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A Treatise of Human Nature: Being an Attempt to Introduce the Experimental Method of Reasoning into Moral Subjects by David Hume (Author)

A Treatise of Human Nature: Being an Attempt to Introduce the Experimental Method of Reasoning into Moral Subjects by David Hume (Author)
'A Treatise of Human Nature: Being an Attempt to Introduce the Experimental Method of Reasoning into Moral Subjects'
By David Hume (Author)

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Hume's introduction presents the idea of placing all science and philosophy on a novel foundation: namely, an empirical investigation into human psychology. He begins by acknowledging "that common prejudice against metaphysical reasonings [i.e., any complicated and difficult argumentation]", a prejudice formed in reaction to "the present imperfect condition of the sciences" (including the endless scholarly disputes and the inordinate influence of "eloquence" over reason). But since the truth "must lie very deep and abstruse" where "the greatest geniuses" have not found it, careful reasoning is still needed. All sciences, Hume continues, ultimately depend on "the science of man": knowledge of "the extent and force of human understanding,... the nature of the ideas we employ, and... the operations we perform in our reasonings" is needed to make real intellectual progress. So Hume hopes "to explain the principles of human nature", thereby "propos[ing] a compleat system of the sciences, built on a foundation almost entirely new, and the only one upon which they can stand with any security." But an a priori psychology would be hopeless: the science of man must be pursued by the experimental methods of the natural sciences. This means we must rest content with well-confirmed empirical generalizations, forever ignorant of "the ultimate original qualities of human nature". And in the absence of controlled experiments, we are left to "glean up our experiments in this science from a cautious observation of human life, and take them as they appear in the common course of the world, by men's behaviour in company, in affairs, and in their pleasures."

Book 1: "Of the Understanding" – An investigation into human cognition. Important statements of Skepticism.
Book 2: "Of the Passions" – A treatment of emotions and free will.
Book 3: "Of Morals" – A treatment of moral ideas, justice, obligations, benevolence.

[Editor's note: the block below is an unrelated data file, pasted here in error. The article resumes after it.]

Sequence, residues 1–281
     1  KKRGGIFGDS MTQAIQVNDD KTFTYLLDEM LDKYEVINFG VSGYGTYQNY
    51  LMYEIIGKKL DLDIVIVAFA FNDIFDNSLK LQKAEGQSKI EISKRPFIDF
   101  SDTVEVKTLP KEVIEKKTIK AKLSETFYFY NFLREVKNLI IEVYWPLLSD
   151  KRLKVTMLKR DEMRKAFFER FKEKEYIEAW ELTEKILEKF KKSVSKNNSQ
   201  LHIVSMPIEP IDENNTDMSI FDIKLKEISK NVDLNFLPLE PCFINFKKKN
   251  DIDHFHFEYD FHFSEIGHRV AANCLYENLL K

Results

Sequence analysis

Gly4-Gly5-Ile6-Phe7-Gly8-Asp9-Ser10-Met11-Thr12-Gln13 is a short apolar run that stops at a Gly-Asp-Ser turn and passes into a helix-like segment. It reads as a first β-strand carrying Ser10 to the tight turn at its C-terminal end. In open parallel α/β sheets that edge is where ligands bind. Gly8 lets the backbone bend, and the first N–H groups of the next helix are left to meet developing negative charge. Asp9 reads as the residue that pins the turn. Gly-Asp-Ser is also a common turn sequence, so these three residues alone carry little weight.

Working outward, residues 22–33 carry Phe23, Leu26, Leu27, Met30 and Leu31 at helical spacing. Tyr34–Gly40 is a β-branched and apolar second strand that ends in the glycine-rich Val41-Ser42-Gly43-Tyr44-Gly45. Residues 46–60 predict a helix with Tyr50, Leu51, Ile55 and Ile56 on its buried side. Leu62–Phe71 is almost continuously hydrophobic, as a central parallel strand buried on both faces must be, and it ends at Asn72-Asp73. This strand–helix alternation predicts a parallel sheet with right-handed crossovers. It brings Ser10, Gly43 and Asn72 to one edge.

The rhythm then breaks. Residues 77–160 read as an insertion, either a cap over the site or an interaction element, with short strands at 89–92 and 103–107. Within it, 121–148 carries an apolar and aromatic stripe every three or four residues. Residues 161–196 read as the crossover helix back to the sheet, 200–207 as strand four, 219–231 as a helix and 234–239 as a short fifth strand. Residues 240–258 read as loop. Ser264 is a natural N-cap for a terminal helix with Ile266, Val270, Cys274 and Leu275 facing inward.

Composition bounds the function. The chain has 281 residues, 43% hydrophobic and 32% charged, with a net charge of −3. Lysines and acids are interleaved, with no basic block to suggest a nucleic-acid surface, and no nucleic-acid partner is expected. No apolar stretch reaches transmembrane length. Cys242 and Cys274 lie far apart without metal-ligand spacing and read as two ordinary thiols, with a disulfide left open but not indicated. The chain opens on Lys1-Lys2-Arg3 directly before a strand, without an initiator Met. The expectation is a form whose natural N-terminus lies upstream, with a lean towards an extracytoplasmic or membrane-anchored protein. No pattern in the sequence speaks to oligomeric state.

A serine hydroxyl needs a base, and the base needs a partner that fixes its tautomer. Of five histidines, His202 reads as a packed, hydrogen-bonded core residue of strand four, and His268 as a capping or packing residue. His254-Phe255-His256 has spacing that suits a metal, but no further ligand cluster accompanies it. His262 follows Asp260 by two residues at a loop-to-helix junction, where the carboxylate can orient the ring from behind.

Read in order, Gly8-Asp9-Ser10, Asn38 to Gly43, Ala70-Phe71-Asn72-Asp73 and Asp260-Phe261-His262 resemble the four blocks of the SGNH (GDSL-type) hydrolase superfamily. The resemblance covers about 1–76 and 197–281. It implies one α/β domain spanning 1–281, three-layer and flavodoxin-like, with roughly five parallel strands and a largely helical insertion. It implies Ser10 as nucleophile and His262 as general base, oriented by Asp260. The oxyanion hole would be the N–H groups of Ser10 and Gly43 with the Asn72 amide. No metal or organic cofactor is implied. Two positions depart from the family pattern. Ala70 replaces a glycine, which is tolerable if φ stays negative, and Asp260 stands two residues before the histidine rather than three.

One of the most influential British philosophers, the Scot, David Hume was at once historian, economist and philosopher and was known for both his skepticism and empiricism. As one of the main figures of the school of empiricism in England, Hume restricted knowledge to experience of ideas and impressions whose ultimate source cannot be verified. His early years were spent in Edinburgh, but like Locke, he journeyed later in life to France where he wrote one of his most famous works, A  Treatise on Human Nature, expounding a full philosophical system which, however, he later repudiated as being a work of youth. He returned to England and in 1741 and 1742 wrote essays on moral and political philosophy and soon thereafter his most famous works, An Enquiry Concerning Human Understanding and An Enquiry Concerning the Principle of Morals. He also wrote a history of England and carried out disputes with Rousseau.  Hume is known in the later history of philosophy for his radical denial of the possibility of any deductive science and also of causality. He claimed, somewhat like the Ash'arite theologians in Islam, that the impression upon the mind of one event followed by another event gives rise to the idea of causality. However, in contrast to the Ash'arites who saw the Will of Allah as the bond which relates what appears to us as cause and effect, Hume did not believe in any relationship between what we call cause and what we call effect except habitual association in the mind which we identify as causality. He claimed that causality is simply based on belief and cannot be proven by either empirical observation or reason.  The influence of Hume was primarily on those who claimed that philosophy is an inductive science of human nature and that man is created of sensitive and practical sentiments rather than reason. It was this aspect of Hume's thought that would influence Immanuel Kant, Auguste Comte, John Stuart Mill as well as other British philosophers such as the utilitarian Jeremy Bentham. In the last few decades, Hume has been highly praised in Anglo-Saxon philosophy by the positivists who appreciate his anti-metaphysical position and his refutation of all deductive philosophy. 

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